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Elastic resistance training is effective for improving muscle strength in older adults
Martins WR, de Oliveira RJ, Carvalho RS et al. Elastic resistance training to increase muscle strength in elderly: A systematic review with meta-analysis. Arch Gerontol Geriatr. 2013; 57(1):8-15
Does elastic resistance training increase muscle strength among older adults?
Decrease in muscle strength is common among older adults, and can increase frailty and related health risks. Physical activity – including strength training to build muscle - has been shown to improve older adults’ ability to perform activities of daily living, and reduce the risk of falling. Elastic resistance training uses elastic materials in the shape of bands or tubes to help increase strength and build muscle. These low-cost, portable tools are a practical alternative to exercise machines.
How the review was done
This is a summary of 10 randomized clinical trials and one non-randomized trial. The studies included 834 people aged 60 to 79.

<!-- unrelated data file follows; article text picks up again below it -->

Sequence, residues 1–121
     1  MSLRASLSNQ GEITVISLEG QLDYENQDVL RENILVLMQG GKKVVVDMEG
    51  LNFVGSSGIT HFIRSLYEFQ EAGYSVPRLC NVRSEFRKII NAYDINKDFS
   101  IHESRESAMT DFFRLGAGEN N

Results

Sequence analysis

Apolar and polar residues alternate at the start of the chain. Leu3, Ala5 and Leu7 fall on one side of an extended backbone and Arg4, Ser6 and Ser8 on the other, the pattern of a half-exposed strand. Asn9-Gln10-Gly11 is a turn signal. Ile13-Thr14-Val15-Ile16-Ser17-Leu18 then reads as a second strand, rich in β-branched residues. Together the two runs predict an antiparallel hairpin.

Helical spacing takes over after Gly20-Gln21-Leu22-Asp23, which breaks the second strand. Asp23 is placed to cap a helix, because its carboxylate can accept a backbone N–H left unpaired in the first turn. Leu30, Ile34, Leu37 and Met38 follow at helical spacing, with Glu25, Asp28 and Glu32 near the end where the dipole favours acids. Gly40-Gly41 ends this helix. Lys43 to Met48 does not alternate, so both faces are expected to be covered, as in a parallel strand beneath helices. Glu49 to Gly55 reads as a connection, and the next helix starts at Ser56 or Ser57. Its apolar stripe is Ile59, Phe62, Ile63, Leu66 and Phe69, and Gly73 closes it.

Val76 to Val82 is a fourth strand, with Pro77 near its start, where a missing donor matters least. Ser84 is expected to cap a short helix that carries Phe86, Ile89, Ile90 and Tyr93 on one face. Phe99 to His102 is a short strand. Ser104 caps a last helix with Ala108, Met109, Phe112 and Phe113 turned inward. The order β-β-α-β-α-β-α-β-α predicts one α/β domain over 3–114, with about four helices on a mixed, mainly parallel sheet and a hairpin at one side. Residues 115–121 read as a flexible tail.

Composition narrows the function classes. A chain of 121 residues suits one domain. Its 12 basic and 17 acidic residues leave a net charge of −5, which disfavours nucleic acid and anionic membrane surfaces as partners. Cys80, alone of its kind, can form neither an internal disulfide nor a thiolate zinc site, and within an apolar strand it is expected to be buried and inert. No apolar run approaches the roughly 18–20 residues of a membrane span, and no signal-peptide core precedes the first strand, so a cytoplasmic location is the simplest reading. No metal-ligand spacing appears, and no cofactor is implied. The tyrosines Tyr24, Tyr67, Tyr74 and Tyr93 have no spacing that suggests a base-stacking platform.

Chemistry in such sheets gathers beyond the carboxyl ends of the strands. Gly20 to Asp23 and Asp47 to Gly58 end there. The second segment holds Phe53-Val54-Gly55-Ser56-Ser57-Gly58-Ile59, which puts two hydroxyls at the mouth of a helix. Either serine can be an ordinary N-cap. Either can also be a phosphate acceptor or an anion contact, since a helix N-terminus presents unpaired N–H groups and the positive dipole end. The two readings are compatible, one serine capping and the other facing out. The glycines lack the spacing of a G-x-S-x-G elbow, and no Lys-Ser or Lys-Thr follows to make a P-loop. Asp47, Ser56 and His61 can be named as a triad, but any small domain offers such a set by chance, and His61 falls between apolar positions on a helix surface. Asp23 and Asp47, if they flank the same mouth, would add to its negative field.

Interventions included training programs using elastic resistance that focused on muscle strengthening. The review compared participants’ strength before and after taking part in the interventions. Elastic resistance training programs varied in duration from six to 24 weeks with participants training at least once a week.
What the researchers found
While the results varied across studies, elastic resistance training appeared to increase muscle strength in healthy older adults as well as older adults with some functional incapacity. The interventions were less effective for those with certain medical conditions, such as diabetes or chronic obstructive pulmonary disease.
Elastic resistance training can be recommended for older adults who want to improve muscle strength.
Studies where people are assigned to one of the treatments but not purely by chance.
Related Evidence Summaries
JBI Database of Systematic Reviews and Implementation Reports (2016)
JAMA: Journal of the American Medical Association (2017)
International Journal of Environmental Research and Public Health (2017)
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DISCLAIMER These summaries are provided for informational purposes only. They are not a substitute for advice from your own health care professional. The summaries may be reproduced for not-for-profit educational purposes only. Any other uses must be approved by the McMaster Optimal Aging Portal